Standing by the horseshoe-shaped arch of the gate, we joined the queue for cheese triangles (which we didn’t find particularly delicious). We stopped at Medersa Bou Inania to take photos in the courtyard, zooming in on the geometric wooden forms and meandering Arabic calligraphy that serve as a link between the zellige mosaics and the finely carved plaster paintings. On the way back, one of the two rabbits was gone, the rooster had been moved into a cage, a stocky shopkeeper had shouted away a tourist for pointing his camera at her cloth shop, and a porter had skittered through the crowd pushing a rather large wheelbarrow full of snails up the hill.
Happy to be temporarily removed from such lively people, sights and activities, we followed the man into a narrow alleyway and away from the happy chaos of the central axis.
Look the other way.
The path winds and twists, making it impossible to see more than 20 meters ahead. Our self-proclaimed guide pointed to the seemingly abandoned house and said it was a Berber residence. Then he quickened his pace before we had time to speak. Soon he was walking ahead of us, his dark and somewhat lean figure occasionally sliding behind a curve in the street.
Just as we struggled to catch up, the faint roar of an engine broke the silence of this quiet Medina region. It approached quickly from where we couldn’t see, prompting the man to take a leap to the right and disappear around the corner. By the time we got to the crossroads, there was no trace of him. It turned out to be the roar of two police motorcycles, riding past us and down the road we had come from. We spotted the man at a couple of turns, and he waved at us as he walked backwards.” It’s okay!” “They know me,” he said cheerfully.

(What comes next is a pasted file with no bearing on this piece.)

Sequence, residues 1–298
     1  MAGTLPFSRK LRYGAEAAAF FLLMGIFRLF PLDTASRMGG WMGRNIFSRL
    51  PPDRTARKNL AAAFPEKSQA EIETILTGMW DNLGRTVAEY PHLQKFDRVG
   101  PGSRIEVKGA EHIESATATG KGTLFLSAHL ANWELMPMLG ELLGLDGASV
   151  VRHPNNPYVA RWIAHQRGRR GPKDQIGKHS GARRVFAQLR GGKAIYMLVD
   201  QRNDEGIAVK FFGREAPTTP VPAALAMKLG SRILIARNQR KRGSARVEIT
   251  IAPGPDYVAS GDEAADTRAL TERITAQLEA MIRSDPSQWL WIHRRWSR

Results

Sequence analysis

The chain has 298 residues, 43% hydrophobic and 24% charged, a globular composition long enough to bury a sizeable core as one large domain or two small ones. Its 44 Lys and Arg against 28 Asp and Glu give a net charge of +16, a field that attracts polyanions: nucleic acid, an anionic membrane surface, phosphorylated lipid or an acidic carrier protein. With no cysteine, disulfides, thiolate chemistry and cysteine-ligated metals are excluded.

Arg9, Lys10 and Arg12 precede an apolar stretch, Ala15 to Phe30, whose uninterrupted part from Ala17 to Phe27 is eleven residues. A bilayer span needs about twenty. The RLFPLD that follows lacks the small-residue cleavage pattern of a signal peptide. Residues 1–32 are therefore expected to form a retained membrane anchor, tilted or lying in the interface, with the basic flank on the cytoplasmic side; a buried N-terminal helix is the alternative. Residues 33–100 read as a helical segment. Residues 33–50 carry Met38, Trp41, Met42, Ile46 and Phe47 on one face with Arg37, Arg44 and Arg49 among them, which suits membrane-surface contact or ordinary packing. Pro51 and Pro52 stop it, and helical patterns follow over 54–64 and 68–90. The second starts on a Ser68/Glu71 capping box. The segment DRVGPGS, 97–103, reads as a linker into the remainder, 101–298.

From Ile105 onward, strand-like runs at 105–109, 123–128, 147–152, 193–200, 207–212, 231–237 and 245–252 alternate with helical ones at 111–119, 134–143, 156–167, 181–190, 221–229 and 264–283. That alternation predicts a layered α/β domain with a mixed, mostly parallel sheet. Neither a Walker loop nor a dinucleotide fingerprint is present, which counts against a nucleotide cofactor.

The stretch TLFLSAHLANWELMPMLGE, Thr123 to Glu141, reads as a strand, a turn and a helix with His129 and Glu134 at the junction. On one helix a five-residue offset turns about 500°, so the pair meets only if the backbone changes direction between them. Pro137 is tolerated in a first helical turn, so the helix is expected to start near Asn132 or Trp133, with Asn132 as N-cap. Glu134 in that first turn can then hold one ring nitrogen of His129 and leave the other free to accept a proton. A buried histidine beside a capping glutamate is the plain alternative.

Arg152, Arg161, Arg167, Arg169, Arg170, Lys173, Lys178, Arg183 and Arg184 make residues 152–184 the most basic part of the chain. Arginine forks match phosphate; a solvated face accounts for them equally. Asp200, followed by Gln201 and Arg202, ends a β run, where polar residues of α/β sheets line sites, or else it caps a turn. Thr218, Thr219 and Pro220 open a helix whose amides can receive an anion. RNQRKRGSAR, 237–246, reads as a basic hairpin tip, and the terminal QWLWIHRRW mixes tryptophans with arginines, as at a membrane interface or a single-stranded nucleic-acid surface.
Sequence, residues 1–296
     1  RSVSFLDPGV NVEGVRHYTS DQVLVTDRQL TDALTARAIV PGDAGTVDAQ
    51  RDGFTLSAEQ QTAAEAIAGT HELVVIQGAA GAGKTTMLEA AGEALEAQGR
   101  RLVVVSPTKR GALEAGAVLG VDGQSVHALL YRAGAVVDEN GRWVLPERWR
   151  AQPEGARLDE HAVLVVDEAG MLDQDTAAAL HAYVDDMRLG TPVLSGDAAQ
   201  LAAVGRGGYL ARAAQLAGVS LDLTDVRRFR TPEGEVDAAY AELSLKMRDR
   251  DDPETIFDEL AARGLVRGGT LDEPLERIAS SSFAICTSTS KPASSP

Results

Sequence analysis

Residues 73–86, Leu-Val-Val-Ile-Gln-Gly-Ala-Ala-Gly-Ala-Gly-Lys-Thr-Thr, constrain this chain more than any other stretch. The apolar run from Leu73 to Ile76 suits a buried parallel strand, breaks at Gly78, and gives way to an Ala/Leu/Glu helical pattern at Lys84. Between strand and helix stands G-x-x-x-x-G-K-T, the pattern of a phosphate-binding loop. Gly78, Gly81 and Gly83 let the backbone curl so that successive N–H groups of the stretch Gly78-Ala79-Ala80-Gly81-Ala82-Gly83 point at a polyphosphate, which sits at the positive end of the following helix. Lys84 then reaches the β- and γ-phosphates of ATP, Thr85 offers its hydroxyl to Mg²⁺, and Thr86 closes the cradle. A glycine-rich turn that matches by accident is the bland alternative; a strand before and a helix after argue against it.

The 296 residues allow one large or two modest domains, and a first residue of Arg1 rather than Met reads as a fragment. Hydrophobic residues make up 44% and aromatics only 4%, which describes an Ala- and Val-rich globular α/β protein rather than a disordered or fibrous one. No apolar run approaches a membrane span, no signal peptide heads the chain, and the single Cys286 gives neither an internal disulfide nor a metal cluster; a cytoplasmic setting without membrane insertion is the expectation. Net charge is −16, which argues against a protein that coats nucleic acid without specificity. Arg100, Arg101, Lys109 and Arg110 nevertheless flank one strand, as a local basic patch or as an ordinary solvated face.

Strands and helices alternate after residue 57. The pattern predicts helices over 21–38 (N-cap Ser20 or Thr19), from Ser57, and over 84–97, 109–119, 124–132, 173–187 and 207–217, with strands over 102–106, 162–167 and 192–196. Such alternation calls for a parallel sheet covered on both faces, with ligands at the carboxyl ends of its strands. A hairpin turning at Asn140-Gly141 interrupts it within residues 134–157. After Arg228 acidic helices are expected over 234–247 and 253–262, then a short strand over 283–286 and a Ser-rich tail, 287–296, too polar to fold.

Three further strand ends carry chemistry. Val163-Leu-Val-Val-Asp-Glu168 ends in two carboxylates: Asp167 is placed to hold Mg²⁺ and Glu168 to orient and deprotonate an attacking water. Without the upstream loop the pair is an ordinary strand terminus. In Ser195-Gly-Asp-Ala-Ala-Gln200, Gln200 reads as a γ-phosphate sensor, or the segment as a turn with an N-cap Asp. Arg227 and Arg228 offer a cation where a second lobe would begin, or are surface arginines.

By the next stop, we had nothing to worry about that had anything to do with the police. An unbearable stench pervaded the street relentlessly, and the opening in the wall the man wanted us to enter looked like its epicenter. Nonetheless, we followed him into a small yard where a workman was handling the scraps, soaking them in the murky stagnant water. The man explained that unwanted parts of the animal were being removed from the skin, a process that utilized raw lime and cow urine. We found the source of the stench in a pile of rotting pelts next to us, with hides, fur, flesh, fat and claws.” Please feel free to take pictures.” The man said before we left.
A short time later, we arrived at the tannery.
Colorful pits, hanging skins and water wheels.